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Raw Video: Murdoch Leaves NewsCorp. Headquarters

Associated Press Modified: May 1, 2012 at 6:15 pm •  Published: May 1, 2012
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After a committee of British lawmakers called Rupert Murdoch unfit to run his global media empire, the 81-year-old media mogul walked out of the News Corp. headquarters in New York Tuesday afternoon, making no comment to the media. (May 1)

This video contains ONLY natural sound. No script is available.

TRT: 1:00

SOURCE: AP Television News

RESTRICTIONS: AP Television News CLIENTS ONLY

LANGUAGE: ENGLISH/NAT

DATELINE: May 01, 2012 New York

SHOTLIST:

1. Wide News Corporation New York Headquarters

2. Tight sign

3. Wide walk Rupert Murdoch, CEO News Corp.

4. Tight New York Post newspaper

5. Tight Wall Street Journal newspaper

6. Wide New York Post in a paper box

7. Wide Wall Street Journal

8. Tight New York Post

9. Wide News Corporation sign

STORYLINE:

After a committee of British lawmakers called Rupert Murdoch unfit to run his global media empire, he walked out of the News Corp. headquarters in New York Tuesday afternoon, making no comment to the media.

The finding of Parliament's Culture, Media and Sport committee reflects just how deeply the phone hacking scandal born of Murdoch's defunct News of the World has shaken the relationship between the press and politics.

The divisive ruling Tuesday against Murdoch, his son James and three of their executives also exposed the waning influence of the media tycoon, and could jeopardize his control of a major broadcaster.

News Corp is the parent company of New York based newspapers the Wall Street Journal and the New York Post.

The committee began an inquiry amid disclosures about widespread tabloid hacking of voice mail, concerns over bribes paid to police for scoops, and politicians who may have overstepped the bounds by cozying up to key players in the Murdoch empire.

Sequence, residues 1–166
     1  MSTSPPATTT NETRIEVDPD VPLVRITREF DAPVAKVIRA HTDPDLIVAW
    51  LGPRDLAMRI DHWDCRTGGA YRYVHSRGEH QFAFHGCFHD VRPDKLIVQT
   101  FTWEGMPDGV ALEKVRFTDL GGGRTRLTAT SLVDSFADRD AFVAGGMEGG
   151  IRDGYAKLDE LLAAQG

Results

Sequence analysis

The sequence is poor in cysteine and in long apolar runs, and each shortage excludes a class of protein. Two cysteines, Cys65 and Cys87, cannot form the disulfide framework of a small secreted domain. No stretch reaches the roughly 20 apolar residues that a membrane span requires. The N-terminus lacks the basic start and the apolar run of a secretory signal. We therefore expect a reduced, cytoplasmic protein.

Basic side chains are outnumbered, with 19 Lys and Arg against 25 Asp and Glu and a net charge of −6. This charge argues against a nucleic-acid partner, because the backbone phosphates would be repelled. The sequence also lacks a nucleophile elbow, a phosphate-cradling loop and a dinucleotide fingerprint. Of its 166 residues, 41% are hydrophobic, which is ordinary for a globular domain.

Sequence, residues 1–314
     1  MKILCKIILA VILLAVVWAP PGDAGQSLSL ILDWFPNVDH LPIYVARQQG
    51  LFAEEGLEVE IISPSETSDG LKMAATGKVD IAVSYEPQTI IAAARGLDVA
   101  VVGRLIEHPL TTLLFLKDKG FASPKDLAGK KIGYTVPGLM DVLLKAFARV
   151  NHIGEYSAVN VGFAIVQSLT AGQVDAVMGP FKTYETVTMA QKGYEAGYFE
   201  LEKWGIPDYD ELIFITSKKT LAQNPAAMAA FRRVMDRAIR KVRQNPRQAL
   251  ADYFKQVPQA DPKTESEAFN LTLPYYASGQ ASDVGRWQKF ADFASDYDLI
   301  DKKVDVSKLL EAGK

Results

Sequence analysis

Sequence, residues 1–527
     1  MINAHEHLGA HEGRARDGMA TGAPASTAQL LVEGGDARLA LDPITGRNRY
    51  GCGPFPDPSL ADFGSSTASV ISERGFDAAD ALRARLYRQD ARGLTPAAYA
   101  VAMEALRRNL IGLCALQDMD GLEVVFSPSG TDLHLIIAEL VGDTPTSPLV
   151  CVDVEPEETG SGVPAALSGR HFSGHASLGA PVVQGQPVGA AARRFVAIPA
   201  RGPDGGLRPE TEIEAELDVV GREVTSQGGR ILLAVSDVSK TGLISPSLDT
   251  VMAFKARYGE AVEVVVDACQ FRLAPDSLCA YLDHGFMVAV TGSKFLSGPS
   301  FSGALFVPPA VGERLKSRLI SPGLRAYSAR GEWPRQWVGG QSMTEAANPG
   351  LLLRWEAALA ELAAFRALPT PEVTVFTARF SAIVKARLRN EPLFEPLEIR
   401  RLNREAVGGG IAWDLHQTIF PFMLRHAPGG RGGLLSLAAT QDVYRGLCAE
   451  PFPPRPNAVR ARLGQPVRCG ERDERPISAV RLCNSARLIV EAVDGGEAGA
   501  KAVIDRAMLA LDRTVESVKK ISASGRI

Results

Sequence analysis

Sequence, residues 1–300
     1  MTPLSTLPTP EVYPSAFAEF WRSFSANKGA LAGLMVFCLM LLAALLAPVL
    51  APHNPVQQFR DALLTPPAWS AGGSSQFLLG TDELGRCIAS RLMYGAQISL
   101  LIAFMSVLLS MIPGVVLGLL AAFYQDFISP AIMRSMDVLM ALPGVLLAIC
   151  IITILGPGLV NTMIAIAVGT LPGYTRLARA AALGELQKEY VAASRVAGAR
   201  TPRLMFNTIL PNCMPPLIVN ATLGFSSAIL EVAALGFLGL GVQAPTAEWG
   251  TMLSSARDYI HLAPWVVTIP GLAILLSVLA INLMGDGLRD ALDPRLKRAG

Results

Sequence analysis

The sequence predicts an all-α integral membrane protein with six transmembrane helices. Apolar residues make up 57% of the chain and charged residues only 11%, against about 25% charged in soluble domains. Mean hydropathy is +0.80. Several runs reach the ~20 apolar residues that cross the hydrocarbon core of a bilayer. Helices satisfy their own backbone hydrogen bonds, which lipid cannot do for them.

Tarring the credentials of both the 81-year-old media mogul and James Murdoch, a former executive chairman of News Corp.'s U.K. newspaper division, the committee's scathing words on the Murdochs could affect their controlling stake in British Sky Broadcasting.

The committee said the House of Commons would need to decide on the punishment meted out to the three executives accused of misleading it: Colin Myler, an ex-News of The World editor who now works as editor-in-chief at the New York Daily News; Tom Crone, the British tabloid's longtime lawyer; and Les Hinton, the former executive chairman of News International and the former publisher of The Wall Street Journal.

All three issued statements denying they had misled the committee, or had taken part in any cover-up of phone hacking.

Parliament's power to fine such offenders or send them to jail lapsed in the 18th century _ and a cell underneath Big Ben has long been in disuse. However, offenders can be called to the House of Commons to be publicly admonished, a sanction last used against a non-lawmaker in 1957.

Murdoch has insisted he was unaware that hacking was widespread at the News of The World, blaming staff for keeping him in the dark and failing to inform him about payouts to victims.

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VIDEO SOURCE: AP

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VIDEO RESTRICTIONS: None

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MARKET EMBARGO (S): none

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SCRIPT/WIRE SOURCE: BC-EU--Britain-Phone Hacking, 11th Ld-Writeth

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